Job ads as proselytizing tools—no, this is not science fiction! The Church of Scientology is now “recruiting” via the classified ads in newspapers. The following incident took place in Belgium.
It all began when Chadia, a young Brussels jobseeker, saw an ad in a free paper by an unspecified non-profit organization for an administrative assistant. Chadia went for an interview and once there, had the surprise of her life, realizing she was at the Church of Scientology. However, there was a poster clearly stating “Now hiring.” She had barely arrived when she was shown a DVD explaining what the Church is all about. She was then offered not a job, but an “opportunity” to become a member of the Church.
It goes without saying that Chadia declined the offer. She then went to the media with her story. She was not the only one to fall into the trap, however. Many other candidates saw the ad in Vlan, the free paper, as well as the poster in the window.
So is this the Church’s latest way of recruiting new members? Church spokespeople say no, that it was a volunteering agreement. “Curiouser and curiouser!” Candidates were offered the opportunity to sign up for Scientology “training” and could also lend a hand (for free, of course). According to someone who answered one of the ads, the document she was given asked her to subscribe to Scientology beliefs.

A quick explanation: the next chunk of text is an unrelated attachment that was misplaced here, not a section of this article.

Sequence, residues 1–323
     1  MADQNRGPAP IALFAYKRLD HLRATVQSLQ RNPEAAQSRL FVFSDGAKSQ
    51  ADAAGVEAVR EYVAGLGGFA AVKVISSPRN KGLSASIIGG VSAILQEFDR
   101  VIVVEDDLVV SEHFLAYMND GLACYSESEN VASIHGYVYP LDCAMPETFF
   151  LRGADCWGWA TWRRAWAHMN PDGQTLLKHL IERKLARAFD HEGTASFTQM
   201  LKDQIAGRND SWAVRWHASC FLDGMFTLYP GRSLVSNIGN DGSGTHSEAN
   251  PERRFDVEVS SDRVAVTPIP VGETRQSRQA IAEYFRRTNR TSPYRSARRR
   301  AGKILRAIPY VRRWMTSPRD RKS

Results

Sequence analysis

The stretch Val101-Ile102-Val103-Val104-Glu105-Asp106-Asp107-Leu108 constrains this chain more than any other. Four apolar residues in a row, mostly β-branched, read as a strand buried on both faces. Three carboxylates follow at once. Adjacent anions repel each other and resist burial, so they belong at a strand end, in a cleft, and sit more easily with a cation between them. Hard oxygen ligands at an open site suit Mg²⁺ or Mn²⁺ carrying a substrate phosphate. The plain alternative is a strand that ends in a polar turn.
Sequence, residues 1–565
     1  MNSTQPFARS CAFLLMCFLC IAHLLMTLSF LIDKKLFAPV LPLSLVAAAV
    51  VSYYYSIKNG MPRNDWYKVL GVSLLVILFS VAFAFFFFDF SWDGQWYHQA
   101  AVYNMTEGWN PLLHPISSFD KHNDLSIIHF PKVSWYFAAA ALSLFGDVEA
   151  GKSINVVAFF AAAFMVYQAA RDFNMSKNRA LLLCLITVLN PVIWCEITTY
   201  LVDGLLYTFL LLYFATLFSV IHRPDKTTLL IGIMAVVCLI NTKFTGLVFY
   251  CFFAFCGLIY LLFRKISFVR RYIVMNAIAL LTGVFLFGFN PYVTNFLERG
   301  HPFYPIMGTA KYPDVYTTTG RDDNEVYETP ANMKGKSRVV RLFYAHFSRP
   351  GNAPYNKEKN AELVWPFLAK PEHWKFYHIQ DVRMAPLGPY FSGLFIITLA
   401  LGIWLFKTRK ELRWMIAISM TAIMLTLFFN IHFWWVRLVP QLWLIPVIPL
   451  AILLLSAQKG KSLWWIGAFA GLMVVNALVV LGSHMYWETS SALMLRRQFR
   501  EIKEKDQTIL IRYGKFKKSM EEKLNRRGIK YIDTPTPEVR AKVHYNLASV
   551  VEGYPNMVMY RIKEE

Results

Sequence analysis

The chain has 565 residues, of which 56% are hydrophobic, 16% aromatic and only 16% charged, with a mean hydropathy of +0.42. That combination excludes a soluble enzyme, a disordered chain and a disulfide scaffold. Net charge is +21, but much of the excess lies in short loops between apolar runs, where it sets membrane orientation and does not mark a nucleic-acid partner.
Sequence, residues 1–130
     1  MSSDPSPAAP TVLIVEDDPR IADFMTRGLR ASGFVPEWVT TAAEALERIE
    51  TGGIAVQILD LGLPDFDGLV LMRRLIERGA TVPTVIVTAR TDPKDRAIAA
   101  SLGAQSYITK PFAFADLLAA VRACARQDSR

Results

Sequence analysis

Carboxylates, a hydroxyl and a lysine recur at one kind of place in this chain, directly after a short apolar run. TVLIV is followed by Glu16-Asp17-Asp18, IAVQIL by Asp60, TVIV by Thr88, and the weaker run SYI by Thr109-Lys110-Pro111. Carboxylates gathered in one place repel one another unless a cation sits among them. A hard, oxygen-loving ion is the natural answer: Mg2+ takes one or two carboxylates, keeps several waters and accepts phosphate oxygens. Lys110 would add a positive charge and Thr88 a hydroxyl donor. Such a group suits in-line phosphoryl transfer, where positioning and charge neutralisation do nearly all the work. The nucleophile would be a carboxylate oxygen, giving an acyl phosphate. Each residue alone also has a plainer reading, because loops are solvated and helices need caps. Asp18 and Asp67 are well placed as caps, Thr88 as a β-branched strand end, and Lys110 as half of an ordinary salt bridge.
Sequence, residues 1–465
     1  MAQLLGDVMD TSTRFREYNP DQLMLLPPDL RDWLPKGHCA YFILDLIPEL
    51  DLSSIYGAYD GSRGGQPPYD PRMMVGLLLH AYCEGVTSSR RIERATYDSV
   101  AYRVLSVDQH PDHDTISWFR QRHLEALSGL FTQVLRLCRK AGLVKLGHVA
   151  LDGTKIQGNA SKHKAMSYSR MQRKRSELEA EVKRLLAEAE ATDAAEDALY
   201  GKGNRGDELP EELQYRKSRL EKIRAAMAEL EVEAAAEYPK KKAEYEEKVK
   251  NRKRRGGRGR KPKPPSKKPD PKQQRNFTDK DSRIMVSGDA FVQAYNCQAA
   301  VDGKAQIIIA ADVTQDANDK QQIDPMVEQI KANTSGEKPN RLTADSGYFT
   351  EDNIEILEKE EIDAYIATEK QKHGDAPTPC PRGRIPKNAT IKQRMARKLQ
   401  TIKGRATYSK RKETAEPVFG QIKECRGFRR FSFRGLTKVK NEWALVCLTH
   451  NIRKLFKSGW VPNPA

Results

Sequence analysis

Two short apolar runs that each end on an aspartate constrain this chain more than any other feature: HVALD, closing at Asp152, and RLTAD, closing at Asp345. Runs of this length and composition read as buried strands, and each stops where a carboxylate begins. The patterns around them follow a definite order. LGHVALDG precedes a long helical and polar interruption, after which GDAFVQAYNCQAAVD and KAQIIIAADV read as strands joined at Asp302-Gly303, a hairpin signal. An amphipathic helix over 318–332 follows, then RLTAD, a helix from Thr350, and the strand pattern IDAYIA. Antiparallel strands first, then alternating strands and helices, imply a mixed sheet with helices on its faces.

An investigation was launched following information communicated by ACTIRIS, the regional Brussels office for employment. After obtaining search warrants for the premises, the Church was charged with fraud. It is accused of recruiting members by promising them “dummy” work contracts, since the classified ads clearly specified a paid job.
According to the Church, it was simply seeking “volunteers.” And in a press release, the Church alleged a violation of its fundamental rights and a form of harassment by Belgian justice and media.
The Church of Scientology is considered a cult in many European countries, where it has already received several convictions. In Canada and United States, where it was founded and where its international headquarters are located, it is recognized as a religion.